Whitman, Walt: Leaves of Grass

Leaves of Grass

In 1855 Whitman published at his own expense a volume of 12 poems, Leaves of Grass, which he had begun working on probably as early as 1847. Prefaced by a statement of his theories of poetry, the volume included the poem later known as “Song of Myself,” in which the author proclaims himself the symbolic representative of common people. Although the book was a commercial failure, critical reviewers recognized the appearance of a bold new voice in poetry. Two larger editions in 1856 and 1860 had equally little public success. During the years he worked on Leaves of Grass, he financed his poetry with journalism and potboiler books. Two of the latter are the pulp serial Life and Adventures of Jack Engle (1852) and, written under the pseudonym Mose Velsor, the self-improvement manual Manly Health and Training (1858).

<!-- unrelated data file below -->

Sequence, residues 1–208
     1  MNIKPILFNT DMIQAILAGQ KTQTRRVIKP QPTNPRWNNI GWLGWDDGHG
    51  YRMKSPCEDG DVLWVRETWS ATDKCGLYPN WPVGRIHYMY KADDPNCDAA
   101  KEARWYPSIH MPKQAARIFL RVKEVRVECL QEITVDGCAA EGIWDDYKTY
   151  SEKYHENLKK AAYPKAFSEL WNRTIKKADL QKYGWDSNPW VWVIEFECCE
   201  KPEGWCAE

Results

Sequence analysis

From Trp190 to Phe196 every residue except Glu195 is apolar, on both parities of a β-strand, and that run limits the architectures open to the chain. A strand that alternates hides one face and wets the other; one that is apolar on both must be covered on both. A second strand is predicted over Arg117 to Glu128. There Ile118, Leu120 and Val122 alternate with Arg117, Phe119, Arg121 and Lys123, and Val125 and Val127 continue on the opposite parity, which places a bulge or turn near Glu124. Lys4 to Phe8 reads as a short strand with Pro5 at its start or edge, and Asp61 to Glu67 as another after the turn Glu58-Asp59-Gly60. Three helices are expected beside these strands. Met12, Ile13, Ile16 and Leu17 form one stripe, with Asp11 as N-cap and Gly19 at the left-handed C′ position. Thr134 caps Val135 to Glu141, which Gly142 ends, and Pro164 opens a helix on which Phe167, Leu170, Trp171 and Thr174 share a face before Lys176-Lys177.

Leaves of Grass was criticized because of Whitman's exaltation of the body and sexual love and also because of its innovation in verse form—that it, the use of free verse in long rhythmical lines with a natural, “organic” structure. Emerson was one of the few intellectuals to praise Whitman's work, writing him a famous congratulatory letter. Whitman continued to enlarge and revise further editions of Leaves of Grass; the last edition prepared under his supervision appeared in 1892.

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